In addition to structural wood framing, our crews also utilized cross-laminated plywood to construct a beautiful and functional ‘Learning Stair’ in the lobby for impromptu learning opportunities. During preconstruction, the project team completed BIM coordination with the mechanical, electrical, plumbing, and fire protection trades to identify any conflicts with the building structure and resolve them. This process helped streamline construction and prevent delays during onsite construction.   

Of the team, Senior Project Manager Drew Carter says,

“George, Nick, Matt and the Perlo foremen did a really great job of completing a fast-tracked project in spite of tough environmental conditions and built it on-schedule, with a high-quality delivery and significant attention to detail. There was a willingness on everyone’s part to roll-up their sleeves, jump in and solve problems and now it’s one of the district’s nicest buildings.”

Perlo Team

Drew Carter | Senior Project Manager

Matt Miller | Project Engineer

George Trice | Superintendent

Derek Diaz | Superintendent

Nick Butler | Superintendent

Darrell March | Superintendent

Cy Whitmore | Foreman

McKayla Marshall | APM

Evelyn Moran | Admin Assistant

W. Verne McKinney Elementary School

This elementary school renovation and expansion in Hillsboro, Oregon included a new gymnasium addition, seismic upgrades, ADA improvements, and upgrading and replacing finishes and systems throughout the school campus. The project schedule was split into two categories: the gymnasium addition, and the interior renovation work. Starting in October of 2020, the team began the gymnasium addition. Simultaneously, they completed exploratory demolition work to confirm the work scope required for the existing building renovations. At that time, most students were still engaged in distance learning, though staff was occupying the space.

The exploratory demolition uncovered additional work scopes, which led District decision makers and our teams to begin off-hours construction work on the existing school for the remainder the year. This early work allowed the project teams to add significant length to the front side of the project schedule without delaying the final completion date of August 2021.

The Perlo work crews self-performed the following scopes:

  • Demolition
  • Miscellaneous accessories installation, including tack boards, white boards, and corner guards
  • Doors/frames/hardware installation
  • Dryrot repairs
  • Seismic upgrades

The project was located in a residential area, so our teams spent time ensuring the neighbors were minimally impacted by our work. These efforts include minimizing noise during off-hours, routing traffic appropriately, and keeping dust contained.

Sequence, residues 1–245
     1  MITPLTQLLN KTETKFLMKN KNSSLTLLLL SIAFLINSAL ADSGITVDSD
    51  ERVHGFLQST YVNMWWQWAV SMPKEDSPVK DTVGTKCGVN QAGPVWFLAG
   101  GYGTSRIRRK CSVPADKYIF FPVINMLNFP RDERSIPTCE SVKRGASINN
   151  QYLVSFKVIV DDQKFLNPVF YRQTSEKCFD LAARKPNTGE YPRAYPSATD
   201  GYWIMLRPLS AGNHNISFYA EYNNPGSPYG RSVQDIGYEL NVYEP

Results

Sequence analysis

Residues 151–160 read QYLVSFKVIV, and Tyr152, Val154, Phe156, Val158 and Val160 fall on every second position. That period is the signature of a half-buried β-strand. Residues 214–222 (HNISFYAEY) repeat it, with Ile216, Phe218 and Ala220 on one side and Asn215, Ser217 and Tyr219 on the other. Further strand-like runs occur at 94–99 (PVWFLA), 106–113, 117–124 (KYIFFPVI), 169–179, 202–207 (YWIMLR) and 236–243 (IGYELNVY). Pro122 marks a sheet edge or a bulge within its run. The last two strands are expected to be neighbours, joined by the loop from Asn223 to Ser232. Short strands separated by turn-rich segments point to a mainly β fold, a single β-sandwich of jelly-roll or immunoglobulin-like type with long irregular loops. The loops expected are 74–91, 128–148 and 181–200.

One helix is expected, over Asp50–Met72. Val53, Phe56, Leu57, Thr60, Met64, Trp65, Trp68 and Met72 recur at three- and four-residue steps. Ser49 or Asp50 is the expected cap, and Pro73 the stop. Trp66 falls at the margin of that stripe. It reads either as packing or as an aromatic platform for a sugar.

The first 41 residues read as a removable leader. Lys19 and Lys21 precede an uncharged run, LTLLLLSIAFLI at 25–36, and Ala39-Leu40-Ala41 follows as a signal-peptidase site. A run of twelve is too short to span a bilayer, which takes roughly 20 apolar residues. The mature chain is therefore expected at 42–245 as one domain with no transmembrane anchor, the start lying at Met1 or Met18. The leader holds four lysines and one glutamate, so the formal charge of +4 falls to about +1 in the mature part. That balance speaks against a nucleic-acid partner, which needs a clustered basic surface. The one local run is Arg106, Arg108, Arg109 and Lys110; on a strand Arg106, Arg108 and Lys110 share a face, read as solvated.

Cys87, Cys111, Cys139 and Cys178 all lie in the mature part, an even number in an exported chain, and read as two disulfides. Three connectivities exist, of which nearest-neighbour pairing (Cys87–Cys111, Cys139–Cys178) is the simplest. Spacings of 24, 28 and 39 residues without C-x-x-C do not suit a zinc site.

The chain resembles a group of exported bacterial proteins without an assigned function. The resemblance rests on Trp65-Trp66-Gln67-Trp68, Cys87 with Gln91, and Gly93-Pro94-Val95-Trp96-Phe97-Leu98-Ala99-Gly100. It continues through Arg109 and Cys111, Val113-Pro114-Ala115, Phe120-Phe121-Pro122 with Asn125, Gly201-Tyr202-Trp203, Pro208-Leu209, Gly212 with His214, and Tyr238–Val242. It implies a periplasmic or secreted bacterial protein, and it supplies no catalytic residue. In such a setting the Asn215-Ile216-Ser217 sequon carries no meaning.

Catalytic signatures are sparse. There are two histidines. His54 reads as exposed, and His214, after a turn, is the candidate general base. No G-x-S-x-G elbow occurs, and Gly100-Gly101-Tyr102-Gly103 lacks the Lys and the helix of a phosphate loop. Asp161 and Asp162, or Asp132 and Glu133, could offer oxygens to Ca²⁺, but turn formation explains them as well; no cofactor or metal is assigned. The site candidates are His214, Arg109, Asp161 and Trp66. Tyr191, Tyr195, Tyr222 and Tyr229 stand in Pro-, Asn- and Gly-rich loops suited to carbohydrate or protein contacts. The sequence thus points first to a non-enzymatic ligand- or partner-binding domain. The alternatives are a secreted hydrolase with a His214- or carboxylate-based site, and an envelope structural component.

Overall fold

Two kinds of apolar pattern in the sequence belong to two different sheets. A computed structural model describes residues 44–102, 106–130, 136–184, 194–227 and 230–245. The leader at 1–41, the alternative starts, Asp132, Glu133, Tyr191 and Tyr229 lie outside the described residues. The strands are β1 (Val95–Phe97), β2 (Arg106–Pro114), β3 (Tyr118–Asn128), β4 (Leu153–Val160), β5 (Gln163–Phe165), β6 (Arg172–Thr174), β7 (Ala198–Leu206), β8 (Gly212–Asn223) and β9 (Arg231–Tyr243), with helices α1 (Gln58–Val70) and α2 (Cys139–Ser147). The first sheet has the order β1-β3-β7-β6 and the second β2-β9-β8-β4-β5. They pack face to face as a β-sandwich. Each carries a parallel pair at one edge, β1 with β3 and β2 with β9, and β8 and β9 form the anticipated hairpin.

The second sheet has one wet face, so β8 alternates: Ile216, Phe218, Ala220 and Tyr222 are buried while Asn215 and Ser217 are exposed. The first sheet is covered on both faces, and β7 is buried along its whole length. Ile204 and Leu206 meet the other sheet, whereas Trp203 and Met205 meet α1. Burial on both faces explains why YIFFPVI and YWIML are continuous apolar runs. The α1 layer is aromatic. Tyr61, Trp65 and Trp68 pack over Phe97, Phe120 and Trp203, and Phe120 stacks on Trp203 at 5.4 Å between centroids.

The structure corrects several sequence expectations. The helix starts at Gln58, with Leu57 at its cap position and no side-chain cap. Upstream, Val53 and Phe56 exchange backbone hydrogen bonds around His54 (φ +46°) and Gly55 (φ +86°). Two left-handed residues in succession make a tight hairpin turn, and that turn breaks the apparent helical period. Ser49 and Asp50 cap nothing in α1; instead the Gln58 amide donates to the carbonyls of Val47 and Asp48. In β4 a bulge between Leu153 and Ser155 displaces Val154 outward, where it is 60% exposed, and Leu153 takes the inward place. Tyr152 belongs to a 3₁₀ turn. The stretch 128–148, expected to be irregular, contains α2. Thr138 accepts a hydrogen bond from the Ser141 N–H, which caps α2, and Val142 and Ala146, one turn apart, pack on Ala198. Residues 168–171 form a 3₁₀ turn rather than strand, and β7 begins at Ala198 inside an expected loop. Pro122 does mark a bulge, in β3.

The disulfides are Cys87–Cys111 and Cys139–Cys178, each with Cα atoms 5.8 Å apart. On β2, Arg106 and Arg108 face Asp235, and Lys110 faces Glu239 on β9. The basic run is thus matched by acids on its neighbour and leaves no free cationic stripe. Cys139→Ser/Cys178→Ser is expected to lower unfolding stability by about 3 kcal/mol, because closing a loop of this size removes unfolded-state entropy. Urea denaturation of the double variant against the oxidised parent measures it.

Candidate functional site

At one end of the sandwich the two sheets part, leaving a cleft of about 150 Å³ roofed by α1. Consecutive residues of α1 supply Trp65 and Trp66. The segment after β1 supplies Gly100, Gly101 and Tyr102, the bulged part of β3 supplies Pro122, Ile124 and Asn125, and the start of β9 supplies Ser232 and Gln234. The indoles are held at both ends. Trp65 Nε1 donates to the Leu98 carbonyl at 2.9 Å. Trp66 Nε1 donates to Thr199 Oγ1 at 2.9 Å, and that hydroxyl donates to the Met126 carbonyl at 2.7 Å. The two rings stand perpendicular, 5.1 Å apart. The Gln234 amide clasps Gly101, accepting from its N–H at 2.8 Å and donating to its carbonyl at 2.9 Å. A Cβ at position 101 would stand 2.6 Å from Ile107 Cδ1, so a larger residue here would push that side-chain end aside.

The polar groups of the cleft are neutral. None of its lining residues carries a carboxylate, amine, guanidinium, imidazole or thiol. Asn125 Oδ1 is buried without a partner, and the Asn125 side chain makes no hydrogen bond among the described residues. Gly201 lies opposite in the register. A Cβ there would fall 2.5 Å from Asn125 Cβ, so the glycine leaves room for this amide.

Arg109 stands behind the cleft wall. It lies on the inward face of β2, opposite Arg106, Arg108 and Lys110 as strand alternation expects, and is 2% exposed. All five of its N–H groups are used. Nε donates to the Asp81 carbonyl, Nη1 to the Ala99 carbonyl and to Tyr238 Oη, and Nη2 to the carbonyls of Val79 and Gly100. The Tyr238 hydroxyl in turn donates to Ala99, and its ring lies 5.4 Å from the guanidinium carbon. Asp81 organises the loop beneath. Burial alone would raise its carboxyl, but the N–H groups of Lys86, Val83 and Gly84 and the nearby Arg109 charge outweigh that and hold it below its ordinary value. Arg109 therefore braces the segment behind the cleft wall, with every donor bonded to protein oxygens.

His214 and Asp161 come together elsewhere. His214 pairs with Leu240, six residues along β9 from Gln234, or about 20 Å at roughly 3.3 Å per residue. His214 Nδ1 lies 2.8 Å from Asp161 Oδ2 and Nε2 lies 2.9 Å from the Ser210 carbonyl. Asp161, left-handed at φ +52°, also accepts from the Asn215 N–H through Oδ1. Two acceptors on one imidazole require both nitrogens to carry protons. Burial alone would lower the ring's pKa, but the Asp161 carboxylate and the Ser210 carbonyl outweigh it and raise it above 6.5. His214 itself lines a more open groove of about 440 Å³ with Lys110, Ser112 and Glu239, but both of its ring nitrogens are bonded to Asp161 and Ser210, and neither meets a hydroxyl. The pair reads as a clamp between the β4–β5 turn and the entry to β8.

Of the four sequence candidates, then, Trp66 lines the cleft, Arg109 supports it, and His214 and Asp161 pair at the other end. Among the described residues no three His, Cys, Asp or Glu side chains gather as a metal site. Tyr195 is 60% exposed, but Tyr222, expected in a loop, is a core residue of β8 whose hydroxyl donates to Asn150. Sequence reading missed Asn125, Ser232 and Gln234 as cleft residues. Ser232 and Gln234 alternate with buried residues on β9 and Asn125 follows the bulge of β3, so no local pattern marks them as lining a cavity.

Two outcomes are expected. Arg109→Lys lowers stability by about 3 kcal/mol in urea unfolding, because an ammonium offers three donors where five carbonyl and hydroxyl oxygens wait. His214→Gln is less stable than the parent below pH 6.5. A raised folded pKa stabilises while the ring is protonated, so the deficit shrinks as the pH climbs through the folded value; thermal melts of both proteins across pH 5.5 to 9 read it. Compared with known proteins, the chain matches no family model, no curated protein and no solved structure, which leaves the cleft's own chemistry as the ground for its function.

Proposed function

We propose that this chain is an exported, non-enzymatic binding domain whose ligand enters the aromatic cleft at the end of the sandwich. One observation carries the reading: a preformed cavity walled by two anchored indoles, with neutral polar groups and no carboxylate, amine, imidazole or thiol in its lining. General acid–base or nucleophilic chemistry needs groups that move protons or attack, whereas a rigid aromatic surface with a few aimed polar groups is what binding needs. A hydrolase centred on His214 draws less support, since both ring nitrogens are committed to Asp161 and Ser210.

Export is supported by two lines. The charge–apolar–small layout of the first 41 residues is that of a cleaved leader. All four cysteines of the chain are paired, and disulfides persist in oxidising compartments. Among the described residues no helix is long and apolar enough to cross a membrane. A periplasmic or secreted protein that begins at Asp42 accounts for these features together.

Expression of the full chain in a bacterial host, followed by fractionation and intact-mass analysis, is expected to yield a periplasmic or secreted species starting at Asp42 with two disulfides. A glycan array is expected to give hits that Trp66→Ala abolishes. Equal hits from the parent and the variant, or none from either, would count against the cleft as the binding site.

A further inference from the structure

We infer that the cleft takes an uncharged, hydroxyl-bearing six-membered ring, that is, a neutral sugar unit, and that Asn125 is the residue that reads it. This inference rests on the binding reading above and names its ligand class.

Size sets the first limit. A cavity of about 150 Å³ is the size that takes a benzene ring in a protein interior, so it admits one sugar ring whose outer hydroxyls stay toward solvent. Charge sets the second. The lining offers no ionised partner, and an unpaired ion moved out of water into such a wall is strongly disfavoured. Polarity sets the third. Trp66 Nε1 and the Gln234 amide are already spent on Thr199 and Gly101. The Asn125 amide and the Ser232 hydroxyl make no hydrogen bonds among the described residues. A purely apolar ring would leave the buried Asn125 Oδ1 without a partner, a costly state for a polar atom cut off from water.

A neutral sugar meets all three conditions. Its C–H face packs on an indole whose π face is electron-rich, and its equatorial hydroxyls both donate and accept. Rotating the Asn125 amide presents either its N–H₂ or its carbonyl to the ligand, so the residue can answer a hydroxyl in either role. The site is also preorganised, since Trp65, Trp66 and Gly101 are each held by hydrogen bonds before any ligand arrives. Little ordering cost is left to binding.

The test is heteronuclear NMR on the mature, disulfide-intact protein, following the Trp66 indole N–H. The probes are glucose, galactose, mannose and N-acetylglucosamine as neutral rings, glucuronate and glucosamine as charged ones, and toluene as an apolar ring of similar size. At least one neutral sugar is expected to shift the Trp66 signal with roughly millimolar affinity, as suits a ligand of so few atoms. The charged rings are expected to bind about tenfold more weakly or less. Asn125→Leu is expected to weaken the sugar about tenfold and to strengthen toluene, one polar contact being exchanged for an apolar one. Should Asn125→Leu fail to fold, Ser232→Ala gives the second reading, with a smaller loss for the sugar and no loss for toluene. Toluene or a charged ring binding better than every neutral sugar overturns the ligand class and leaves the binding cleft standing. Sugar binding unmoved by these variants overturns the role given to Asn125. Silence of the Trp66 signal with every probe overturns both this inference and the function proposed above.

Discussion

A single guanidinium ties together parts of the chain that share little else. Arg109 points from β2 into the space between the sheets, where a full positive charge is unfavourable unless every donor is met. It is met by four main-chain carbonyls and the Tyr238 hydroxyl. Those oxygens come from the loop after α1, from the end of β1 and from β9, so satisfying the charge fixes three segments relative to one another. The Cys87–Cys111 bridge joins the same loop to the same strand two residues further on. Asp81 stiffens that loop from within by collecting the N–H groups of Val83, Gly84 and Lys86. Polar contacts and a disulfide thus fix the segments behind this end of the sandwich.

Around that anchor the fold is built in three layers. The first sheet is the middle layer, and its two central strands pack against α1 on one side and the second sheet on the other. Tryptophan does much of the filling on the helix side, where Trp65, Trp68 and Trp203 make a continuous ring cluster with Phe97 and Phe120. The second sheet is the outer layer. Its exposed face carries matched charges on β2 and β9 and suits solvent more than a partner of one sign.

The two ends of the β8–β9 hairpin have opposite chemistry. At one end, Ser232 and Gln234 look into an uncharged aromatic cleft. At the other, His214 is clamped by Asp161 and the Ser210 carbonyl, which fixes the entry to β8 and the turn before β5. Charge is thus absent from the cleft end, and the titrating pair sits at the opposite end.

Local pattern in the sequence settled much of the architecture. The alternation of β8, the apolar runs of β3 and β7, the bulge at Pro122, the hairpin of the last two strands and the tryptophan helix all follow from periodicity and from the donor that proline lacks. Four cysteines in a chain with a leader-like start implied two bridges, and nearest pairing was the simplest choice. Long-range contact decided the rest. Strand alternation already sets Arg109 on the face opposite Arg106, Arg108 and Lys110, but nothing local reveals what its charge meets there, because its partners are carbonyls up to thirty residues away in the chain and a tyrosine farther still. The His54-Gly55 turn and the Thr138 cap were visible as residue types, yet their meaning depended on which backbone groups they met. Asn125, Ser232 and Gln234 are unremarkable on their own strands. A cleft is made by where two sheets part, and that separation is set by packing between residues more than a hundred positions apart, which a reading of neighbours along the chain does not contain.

Of the project, Superintendent John Tompkins says

“I always enjoy giving back to communities. That’s the reason I like working on school projects. This community, in particular, seemed extremely grateful that we were there. There was also a good connection between the principal and our construction team.  They can lean on us and we’re always there to help.”

Perlo Team

Stephen Alger | Project Manager

John Tompkins | Superintendent

Graig Marshall | Foreman

McKayla Marshall | APM

Knight Elementary School Renovations

This approximately 60,000 SF renovation of an existing elementary school In Canby, Oregon included re-roofing, new mechanical units, lighting and finish upgrades throughout. In addition, work included upgrading the front entry vestibule to improve access and security. All construction work was completed during the summer of 2021 while school was out, requiring up-front planning to ensure the full scope could be completed on time.

The largest scope item included the re-roofing and mechanical work. With three distinct roofing types,  including SBS built-up roofing, asphalt shingles and a PVC membrane at the barrel structure on the gymnasium.  Two separate roofing subcontractors were procured to complete this work, with assistance on structural framing, dry rot repairs and seismic strapping from Perlo crews.

Perlo teams self-performed the following scopes:

  • Selective demolition
  • Wood framing
  • Doors/frames/hardware installation
  • Toilet accessories removal and replacement installation
  • Seismic bracing and framing
  • Miscellaneous steel installation

Project manager Adam Smelley said,

“I always enjoy giving back to communities. That’s the reason I like working on school projects. As with any re-roof on an older building, we found some surprises. When we removed the existing standing seam roof, for instance, it had a layer of old shingle roofing underneath. We expected some dryrot, but not an added layer of roofing materials.  But on buildings that old, you never know what you might find.”